The Hebrides captured Ian Lawson’s heart long ago. Now his latest book documents its landscapes and the cloth it produces – Harris Tweed
When Ian Lawson was a photography student, he was given an assignment that sent him off investigating the furthest place he could travel to. Camera in hand, he made his way to the Hebrides – with no inkling of how the culture of the islands would affect him, steer the course of his career and offer him a second home of sorts.
He was also unaware of how the islands themselves were changing and how, in the years to come, they would evolve to allow their traditional industries and ways of life to exist – indeed, thrive – in the modern world. He went there to discover the landscape, but what he found was a deep-rooted connection with the people who are the lifeblood of the islands.
Lawson was born in England but went to school in Dumfries and Galloway, where his love of photography flourished (his father was Scottish and wanted his children to be educated north of the border).
“As a kid, I had my own darkroom where I would process black-and-white film,” he recalls. He went on to study at Manchester Polytechnic and has worked as a freelance art and architecture photographer ever since. Despite a healthy career, he says, “There was something eating away at me. Maybe it was approaching a milestone birthday, but I wanted to look back on my life’s work and have something I could be proud of.”
Lawson made his way back to the Hebrides in 2007, this time with a different brief. “I’d previously gone to shoot the landscape, but this time I wanted to see if I could offer an alternative to my day job and make connections through my work between the land and the people who live there,” he explains. “I wanted to build a story around my work and this place that had really gotten under my skin.”
He recalls being on the east coast of Harris, watching a lobster fisherman making its way along the shoreline. He followed the boat’s path, which took him down an inlet where he spotted a sign for Harris Tweed. “I could hear the clickety-clack of what I now know to be a loom going inside a shed, where Katie Campbell, a weaver then in her 70s, was working away.”
Campbell invited a curious Lawson in, and from there he was directed to Donald John Mackay, probably the area’s best weaver, the man responsible for rejuvenating the Harris Tweed industry and introducing its trademark. Lawson was struck by the warmth and openness of the people he encountered here, and credits their talents, as well as their friendliness, with sparking in him an excitement to capture more, reinforcing the link he’d identified between people and place.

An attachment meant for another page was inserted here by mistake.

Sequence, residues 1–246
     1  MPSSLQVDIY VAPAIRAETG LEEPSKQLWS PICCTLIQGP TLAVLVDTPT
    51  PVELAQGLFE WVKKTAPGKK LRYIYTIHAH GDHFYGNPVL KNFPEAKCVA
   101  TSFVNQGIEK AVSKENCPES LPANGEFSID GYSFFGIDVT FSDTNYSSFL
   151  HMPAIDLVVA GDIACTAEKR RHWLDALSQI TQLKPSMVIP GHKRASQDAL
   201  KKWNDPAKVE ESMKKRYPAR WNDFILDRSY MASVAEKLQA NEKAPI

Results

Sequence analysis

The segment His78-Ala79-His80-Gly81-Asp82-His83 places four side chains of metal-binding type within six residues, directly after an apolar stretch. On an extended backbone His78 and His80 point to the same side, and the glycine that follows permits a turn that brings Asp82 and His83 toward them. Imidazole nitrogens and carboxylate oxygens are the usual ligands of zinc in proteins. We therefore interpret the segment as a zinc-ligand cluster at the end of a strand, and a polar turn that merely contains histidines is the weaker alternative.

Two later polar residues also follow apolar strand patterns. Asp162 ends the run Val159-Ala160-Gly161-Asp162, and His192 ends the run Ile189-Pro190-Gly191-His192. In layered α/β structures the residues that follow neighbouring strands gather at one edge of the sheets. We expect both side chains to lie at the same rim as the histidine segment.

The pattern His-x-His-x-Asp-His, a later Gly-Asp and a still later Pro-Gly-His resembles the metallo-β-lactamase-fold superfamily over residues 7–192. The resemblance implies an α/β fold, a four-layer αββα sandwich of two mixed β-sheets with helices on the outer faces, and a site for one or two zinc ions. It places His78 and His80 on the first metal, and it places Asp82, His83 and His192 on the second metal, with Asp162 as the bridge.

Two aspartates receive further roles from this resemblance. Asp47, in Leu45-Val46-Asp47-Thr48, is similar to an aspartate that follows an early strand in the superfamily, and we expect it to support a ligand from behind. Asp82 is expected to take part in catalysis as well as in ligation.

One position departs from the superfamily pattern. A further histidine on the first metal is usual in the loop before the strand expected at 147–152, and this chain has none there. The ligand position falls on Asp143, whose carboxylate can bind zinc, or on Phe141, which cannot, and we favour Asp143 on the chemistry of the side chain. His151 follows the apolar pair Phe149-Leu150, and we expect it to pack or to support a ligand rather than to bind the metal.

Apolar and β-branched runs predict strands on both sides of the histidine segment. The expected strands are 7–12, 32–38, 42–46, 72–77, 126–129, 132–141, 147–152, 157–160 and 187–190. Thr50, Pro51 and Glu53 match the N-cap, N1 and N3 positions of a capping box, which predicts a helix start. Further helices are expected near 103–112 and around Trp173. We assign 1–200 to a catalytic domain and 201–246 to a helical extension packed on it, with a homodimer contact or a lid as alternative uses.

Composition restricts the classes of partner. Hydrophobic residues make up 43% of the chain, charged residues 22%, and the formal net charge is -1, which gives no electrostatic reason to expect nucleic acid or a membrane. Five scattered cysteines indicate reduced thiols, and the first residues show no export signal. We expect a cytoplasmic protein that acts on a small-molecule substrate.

From the Land, a compendium of images celebrating Harris Tweed, came out in 2013, and has now been followed by Saorsa (the Scottish Gaelic word for ‘freedom’). It is Lawson’s self-published ode to the Hebrides, charting its many different landscapes. “In the north, in Lewis, the land is windswept low-lying moorland with fewer trees; in the east, the coastlines are marked out; while in the west, beaches, wildflowers and grazing fields for farming prevail,” he remarks.
His images are beautifully paired so you can see the influence of the land on what the weavers have created at the loom. The cloth’s heathery purples, marshy greens and browns are derived from the inhospitable moorlands, while blues so vivid they seem to belong to a Caribbean resort, are drawn directly from the hues of the unspoilt waters, the open skies, the boat sheds, the netting and creels, to make the tweeds native to these islands.
Charting the resurgence in this cottage industry, Lawson also depicts the farmers, shepherds, wool dyers and weavers, telling their story and showing how centuries-old traditions that were on the verge of extinction have been resuscitated; the younger generation, taught by family members, crofters and community elders, have taken on age-old crafts, rejuvenating them and demonstrating how they can prosper in the contemporary world.
Lawson travels back to the islands four or five times a year, keen to chart the progression in this story he found and tells through the lens. The independence he sees in the way the islanders work is reflected in his own self-published titles, which allows artistic integrity to be maintained. “Heritage and culture are preserved,” he notes, “but there are no heads stuck in the sand. It’s the bond between land and loom that continues.”
Saorsa is out now